Seven Ways To Advance Your Career Or Small Business And Spend Time With Your Family

Quite often, I feel a strong tug between family needs and professional needs. I work very hard on, but sometimes I would rather spend time with my family. Thankfully, by focusing carefully on what opportunities I have available, I can do both.

Here are seven ways that you can simultaneously advance your career or small business and also spend time with your family.

Choose a business that junctions well with your family’s needs. For example, blogging gives me the flexibility to write around the schedules of others. If I ever launch my cooking blog, I can also leverage the time I spend preparing meals and eating towards that blog. My aunt’s family used to spend a lot of time hiking, so she started a geode business, incorporating geode collecting into the walks.

Find a business that excites and interests them. If you have no ideas for a business that junctions with what your family normally does, sit down with them and brainstorm for ideas. Find out things that would be of interest to them. Would they like to grow a large garden and sell vegetables as a family? How about hunting for and collecting geodes or mushrooms (both of which were businesses where I grew up)?

Incorporate your family into the business work. My father used to have a huge vegetable garden and he’d often sell at least some of the excess and make some decent money at it. To keep this garden going, the whole family would spend an hour or so in the evening in the garden, weeding and irrigating. One can do this with most businesses – for example, with blogging, I use family time to a degree as research time. When my children get older, I will employ them as helpers in my computer consulting business doing the more mundane tasks.

Participate in community events as a family. There are countless opportunities in your local community to connect with other people, and those connections can often help advance one’s career, open new career paths, or connect with new clients. In fact, I’ve already stirred up a bit of business from people on my block just by interacting with them a bit with my family along. You can also do things like sponsor a Pee Wee League team and write it off as advertising.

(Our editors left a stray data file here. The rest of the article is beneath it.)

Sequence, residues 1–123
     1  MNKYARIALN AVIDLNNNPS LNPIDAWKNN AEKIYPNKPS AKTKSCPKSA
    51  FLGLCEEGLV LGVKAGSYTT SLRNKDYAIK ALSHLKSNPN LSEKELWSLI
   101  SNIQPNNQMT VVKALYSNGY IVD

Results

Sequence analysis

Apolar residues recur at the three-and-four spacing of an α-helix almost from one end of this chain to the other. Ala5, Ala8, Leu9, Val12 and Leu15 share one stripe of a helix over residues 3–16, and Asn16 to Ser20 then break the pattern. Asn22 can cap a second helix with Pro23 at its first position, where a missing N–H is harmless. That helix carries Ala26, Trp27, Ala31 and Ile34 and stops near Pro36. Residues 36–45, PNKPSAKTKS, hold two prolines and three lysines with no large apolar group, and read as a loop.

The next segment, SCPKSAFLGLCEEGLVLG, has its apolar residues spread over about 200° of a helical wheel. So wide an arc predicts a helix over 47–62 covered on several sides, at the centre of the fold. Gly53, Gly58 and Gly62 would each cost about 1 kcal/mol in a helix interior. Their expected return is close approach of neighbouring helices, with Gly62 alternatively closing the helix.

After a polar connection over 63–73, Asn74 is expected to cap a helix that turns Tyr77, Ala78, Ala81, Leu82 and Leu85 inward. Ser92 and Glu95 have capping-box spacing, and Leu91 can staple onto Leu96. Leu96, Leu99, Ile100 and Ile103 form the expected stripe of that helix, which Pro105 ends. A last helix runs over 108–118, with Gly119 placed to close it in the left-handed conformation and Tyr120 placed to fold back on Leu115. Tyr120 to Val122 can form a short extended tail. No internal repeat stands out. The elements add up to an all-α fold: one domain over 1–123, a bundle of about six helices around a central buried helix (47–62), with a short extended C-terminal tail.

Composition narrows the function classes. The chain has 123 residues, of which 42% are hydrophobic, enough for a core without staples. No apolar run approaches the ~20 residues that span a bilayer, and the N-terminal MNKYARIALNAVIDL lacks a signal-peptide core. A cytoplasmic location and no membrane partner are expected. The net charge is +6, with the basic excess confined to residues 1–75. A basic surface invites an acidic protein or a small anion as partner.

Ask for their input directly. If you’re brainstorming for ideas, go downstairs and talk to your wife about it or your children about it. Use them as brainstorming tools – quite often, my wife comes up with little brilliant ideas for, so I often brainstorm around her. We’ll do this over the dinner table as one of several conversation topics. This also helps in making others feel like more of a part of what you’re doing.

Use them for promotion. Around here, there’s a large computer consulting business run by a guy and his family. The only one too young to help is basically used for promotion – he does the ad voiceovers on the radio. Amazingly, it’s really effective – the child’s voice really stands out on the radio, the message is simple enough so that it’s plausible that a child would deliver it, and the enthusiasm that the child uses when announcing the name of the business (a dot-com URL) makes it stick in your head. This works very well for local businesses like this.

Use it for education. Say you’re doing a mundane task and your child is sitting downstairs bored, wishing you weren’t busy all the time. Take the child with you and show them the task. Explain what you’re doing and why and how it results in money in the end. Answer their questions. It might slow you down, but it increases the time for bonding with family.

In a nutshell, a business opportunity does not have to separate you from your family. If your family is important to you, include them in your career and business choices and let them be involved at all stages. Use the assets of youth (energy, enthusiasm, and creativity) to their advantage (and your spouse’s attributes as well!) and you’ll suddenly find yourself spending valuable time with your family while still moving forward in your career or business.

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